Wednesday, April 3rd, 2002
LET’S GO CANADA
This week, the Australians begin a series of education fairs in India. Australia holds two fairs per year in this country; one in Fall, and one in Spring.
There’s a good deal of concern among Australian institutions regarding the recruitment of Indian students, as the numbers of new students for their last intake (February 2002) was well down.
This has been attributed to much tougher visa screening and the resulting public perception in India. In mid-2001, the Australian Immigration department stamped Indian student applicants as officially “least desirable”. China, Pakistan, Indonesia, Iran, Jordan and Lebanon are also countries where students will face tougher visa tests to study in Australia. This action was taken as a response to significant numbers of successful visa applicants who travelled to Australia and never attended class.
Only twenty Australian institutions are expected to take part in this weeks’ first fair in New Delhi. The number of participants is usually double.
Central Asia is not a region many institutions look to for establishing partnerships and exchange agreements. For those institutions interested in getting off the beaten track, the Tashkent Institute Of Irrigation And Agricultural Mechanization Engineers (TIIAME), represents an interesting prospect in this part of the world.
According to Jusip Kazbekov, Director of Hydroinformatics and Water Resources at the Institute, TIIAME is the leading academic and scientific institution in Central Asia for educating specialists in water resource management and agriculture. With support from the Natural Resource Management Project (NRMP) funded by the United States Agency for International Development (USAID), TIIAME is a key player in working to improve energy efficiency and water resource management in Central Asia.
In the future the Centre intends to develop new projects on effective water resources management in collaboration with local and international institutions and experts, as well as providing primary and refresher training to water resources specialists in the region.
TIIAME is very interested in finding some partners in Canada that are involved in water resource management. For additional information please contact either NRMP (email@example.com) or TIIAME (firstname.lastname@example.org) offices in Tashkent, or visit http://www.nrmp.uz/ and http://www.nrmp.uz/tiiame.htm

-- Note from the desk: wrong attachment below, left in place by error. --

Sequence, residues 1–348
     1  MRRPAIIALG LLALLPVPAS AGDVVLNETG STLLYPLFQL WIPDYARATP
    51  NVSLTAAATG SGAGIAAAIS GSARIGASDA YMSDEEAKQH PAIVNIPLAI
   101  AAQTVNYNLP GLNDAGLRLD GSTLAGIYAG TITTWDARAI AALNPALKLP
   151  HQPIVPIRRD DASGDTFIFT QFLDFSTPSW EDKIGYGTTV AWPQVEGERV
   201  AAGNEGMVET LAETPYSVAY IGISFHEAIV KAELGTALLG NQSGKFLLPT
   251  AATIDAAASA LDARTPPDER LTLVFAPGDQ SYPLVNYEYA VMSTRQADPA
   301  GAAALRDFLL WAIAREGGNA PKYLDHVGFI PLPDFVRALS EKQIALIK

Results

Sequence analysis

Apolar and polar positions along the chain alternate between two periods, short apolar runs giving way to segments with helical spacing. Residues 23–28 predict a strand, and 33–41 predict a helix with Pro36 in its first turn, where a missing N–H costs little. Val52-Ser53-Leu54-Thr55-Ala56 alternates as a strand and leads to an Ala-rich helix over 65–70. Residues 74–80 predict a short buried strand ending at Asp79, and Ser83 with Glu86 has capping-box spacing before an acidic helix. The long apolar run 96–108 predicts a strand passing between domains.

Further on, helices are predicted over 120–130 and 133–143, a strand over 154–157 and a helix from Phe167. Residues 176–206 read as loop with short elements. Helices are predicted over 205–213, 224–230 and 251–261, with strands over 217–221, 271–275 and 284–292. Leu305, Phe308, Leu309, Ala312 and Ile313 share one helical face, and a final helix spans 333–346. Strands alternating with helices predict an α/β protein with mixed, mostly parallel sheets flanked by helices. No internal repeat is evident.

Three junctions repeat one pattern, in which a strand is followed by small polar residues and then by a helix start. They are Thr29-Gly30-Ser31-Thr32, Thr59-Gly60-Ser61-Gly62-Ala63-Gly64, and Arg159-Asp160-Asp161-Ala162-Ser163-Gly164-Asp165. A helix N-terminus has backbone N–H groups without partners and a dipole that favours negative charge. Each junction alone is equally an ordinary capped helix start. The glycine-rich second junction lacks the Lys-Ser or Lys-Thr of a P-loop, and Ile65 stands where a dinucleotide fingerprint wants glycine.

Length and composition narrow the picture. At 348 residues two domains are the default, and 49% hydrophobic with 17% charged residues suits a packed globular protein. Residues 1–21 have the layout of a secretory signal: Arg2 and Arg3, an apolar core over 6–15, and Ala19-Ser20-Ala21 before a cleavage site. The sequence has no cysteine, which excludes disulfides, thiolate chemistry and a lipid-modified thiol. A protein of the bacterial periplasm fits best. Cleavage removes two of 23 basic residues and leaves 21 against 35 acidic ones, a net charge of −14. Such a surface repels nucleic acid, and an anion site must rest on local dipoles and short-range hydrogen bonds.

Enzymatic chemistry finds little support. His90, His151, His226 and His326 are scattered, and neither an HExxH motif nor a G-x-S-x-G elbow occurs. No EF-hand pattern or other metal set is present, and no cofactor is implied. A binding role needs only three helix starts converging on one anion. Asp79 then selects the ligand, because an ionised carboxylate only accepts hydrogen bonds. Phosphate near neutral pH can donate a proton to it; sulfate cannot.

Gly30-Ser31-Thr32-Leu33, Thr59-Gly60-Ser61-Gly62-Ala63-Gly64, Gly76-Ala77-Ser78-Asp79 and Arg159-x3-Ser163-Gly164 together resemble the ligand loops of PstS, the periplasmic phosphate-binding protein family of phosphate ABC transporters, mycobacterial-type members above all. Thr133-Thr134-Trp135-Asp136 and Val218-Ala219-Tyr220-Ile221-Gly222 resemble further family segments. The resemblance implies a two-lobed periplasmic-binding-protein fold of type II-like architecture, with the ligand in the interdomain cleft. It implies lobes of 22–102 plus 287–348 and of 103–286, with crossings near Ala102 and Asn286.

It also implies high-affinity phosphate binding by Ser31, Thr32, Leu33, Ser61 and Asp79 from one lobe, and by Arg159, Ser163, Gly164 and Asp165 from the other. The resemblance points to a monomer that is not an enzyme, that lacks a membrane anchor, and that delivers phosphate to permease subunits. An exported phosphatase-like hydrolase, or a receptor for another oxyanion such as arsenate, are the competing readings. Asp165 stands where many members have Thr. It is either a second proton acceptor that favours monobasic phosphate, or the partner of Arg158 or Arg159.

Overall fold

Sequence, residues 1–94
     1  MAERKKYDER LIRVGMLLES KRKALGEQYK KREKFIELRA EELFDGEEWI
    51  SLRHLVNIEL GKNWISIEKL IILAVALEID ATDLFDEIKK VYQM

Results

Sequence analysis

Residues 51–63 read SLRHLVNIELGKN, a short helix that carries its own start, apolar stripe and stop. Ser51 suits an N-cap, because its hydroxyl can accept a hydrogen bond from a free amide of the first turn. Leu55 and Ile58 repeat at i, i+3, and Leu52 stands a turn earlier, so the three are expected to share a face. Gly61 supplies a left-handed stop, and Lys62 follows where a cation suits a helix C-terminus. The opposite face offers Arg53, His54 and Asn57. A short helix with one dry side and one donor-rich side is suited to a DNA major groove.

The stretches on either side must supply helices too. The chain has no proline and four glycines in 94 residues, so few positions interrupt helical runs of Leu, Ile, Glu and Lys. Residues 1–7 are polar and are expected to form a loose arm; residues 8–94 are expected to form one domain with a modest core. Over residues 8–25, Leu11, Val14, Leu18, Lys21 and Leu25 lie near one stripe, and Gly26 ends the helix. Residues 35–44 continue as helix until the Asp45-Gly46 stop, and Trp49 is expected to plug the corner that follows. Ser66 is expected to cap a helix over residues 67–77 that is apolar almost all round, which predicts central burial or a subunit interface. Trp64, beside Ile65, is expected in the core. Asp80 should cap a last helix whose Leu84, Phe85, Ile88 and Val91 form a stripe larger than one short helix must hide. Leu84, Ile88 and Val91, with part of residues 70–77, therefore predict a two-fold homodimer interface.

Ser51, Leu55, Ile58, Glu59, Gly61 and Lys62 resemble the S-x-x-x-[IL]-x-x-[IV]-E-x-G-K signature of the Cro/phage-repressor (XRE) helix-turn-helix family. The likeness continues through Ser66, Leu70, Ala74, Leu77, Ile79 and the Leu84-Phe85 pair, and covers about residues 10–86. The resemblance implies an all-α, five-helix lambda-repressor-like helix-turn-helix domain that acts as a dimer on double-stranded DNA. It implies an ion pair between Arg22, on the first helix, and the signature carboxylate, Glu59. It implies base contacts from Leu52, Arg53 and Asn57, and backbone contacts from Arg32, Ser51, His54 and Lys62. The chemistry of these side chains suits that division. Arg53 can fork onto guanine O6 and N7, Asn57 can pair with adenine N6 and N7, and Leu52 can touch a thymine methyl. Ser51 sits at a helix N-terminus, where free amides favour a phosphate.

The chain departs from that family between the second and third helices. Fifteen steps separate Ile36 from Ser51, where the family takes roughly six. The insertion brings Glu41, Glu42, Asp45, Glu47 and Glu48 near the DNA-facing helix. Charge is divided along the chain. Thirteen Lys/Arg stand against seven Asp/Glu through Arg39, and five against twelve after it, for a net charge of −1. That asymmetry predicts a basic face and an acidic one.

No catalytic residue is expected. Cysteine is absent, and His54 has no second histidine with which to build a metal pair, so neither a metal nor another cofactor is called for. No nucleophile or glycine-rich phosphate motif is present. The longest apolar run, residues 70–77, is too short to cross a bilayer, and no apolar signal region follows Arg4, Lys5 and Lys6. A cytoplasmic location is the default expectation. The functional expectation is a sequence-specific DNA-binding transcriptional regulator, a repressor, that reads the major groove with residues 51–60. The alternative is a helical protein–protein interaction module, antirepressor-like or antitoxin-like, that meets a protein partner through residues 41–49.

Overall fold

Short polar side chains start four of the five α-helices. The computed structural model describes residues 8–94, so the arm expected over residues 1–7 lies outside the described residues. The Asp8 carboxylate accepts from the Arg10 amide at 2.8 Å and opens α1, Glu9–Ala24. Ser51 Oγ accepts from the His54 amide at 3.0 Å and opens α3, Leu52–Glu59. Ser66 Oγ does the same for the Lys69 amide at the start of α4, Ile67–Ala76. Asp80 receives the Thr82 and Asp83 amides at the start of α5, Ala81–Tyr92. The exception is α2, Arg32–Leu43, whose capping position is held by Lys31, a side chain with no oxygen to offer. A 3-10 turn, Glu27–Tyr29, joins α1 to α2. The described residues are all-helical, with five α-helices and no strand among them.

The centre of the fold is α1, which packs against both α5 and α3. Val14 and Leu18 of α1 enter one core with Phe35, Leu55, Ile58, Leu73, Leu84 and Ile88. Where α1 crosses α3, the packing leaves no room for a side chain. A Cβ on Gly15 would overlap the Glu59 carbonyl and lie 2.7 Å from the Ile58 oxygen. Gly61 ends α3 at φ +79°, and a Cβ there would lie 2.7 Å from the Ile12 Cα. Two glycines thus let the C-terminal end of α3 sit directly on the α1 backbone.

OVER THE COUNTER
This week we continue covering issues raised by working with agents in China.
Higher-Edge has taken three visits to China in the first quarter of this year and concludes the following. Recruitment Agencies work according to provincial boundaries – separate licences are required for each province. It is not utterly clear whether such licensees are truly permitted to sub-licence to others. What is clear is that this practice is ubiquitous throughout China.
Agencies typically charge students 4000 to 5000 dollars for their service (which largely includes the processing of the application to the institution and to the Immigration section of the Canadian Embassy). An institution that works with a certain agency might well, unwittingly, have licensed the use of its authority to literally countless others through the sub-licence system. Indeed, a licence is no assurance that the agency is beyond reproach in its service to students.
Agents do participate in frauds of many kinds. Preparing fraudulent documentation is one example. Another is offering a service, such as ESL instruction in conjunction with a Canadian institution which typically bears the up-front cost. The institution is using ESL as a loss-leader to ultimately get tuition-paying students. However, unbeknownst to the institution, the agency may be collecting even in the tens of thousands of dollars from a single student for the ESL service provided.
It goes without saying that there are copious and wonderful students in China and some potentially excellent working partners to assist in recruiting them. However, due diligence in China is an utmost requirement if an institution takes seriously the preservation of the lustre and integrity of its name. For more general information on “working with agents” in China, contact email@example.com who handles the Education portfolio in Canada’s Embassy in Beijing.
When using taxis abroad, it is not uncommon to become a target for overpricing. For example, in some Latin America countries, the use of meters in taxis tends to be a rarity.
A good way to avoid being taken advantage of is to ask local people how much they would pay to get from point A to point B. Given that one asks the taxi driver about the fare BEFORE getting into the taxi, one at least has some leverage and bargaining power to avoid overpaying for the ride.